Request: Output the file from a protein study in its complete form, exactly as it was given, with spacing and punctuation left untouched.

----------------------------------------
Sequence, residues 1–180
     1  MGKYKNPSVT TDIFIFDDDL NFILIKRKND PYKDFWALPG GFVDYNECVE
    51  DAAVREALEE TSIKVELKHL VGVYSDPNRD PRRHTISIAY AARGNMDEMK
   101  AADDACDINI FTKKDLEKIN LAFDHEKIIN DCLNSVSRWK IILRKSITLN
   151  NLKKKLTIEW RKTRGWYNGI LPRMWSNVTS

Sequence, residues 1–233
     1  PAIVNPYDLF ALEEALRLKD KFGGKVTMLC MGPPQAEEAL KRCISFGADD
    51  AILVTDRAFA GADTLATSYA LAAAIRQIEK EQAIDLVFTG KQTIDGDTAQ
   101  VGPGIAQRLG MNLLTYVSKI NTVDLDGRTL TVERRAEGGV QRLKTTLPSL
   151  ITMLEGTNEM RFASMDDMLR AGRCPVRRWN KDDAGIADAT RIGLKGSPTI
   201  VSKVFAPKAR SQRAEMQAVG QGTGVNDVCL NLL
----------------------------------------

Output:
Sequence, residues 1–180
     1  MGKYKNPSVT TDIFIFDDDL NFILIKRKND PYKDFWALPG GFVDYNECVE
    51  DAAVREALEE TSIKVELKHL VGVYSDPNRD PRRHTISIAY AARGNMDEMK
   101  AADDACDINI FTKKDLEKIN LAFDHEKIIN DCLNSVSRWK IILRKSITLN
   151  NLKKKLTIEW RKTRGWYNGI LPRMWSNVTS

Sequence, residues 1–233
     1  PAIVNPYDLF ALEEALRLKD KFGGKVTMLC MGPPQAEEAL KRCISFGADD
    51  AILVTDRAFA GADTLATSYA LAAAIRQIEK EQAIDLVFTG KQTIDGDTAQ
   101  VGPGIAQRLG MNLLTYVSKI NTVDLDGRTL TVERRAEGGV QRLKTTLPSL
   151  ITMLEGTNEM RFASMDDMLR AGRCPVRRWN KDDAGIADAT RIGLKGSPTI
   201  VSKVFAPKAR SQRAEMQAVG QGTGVNDVCL NLL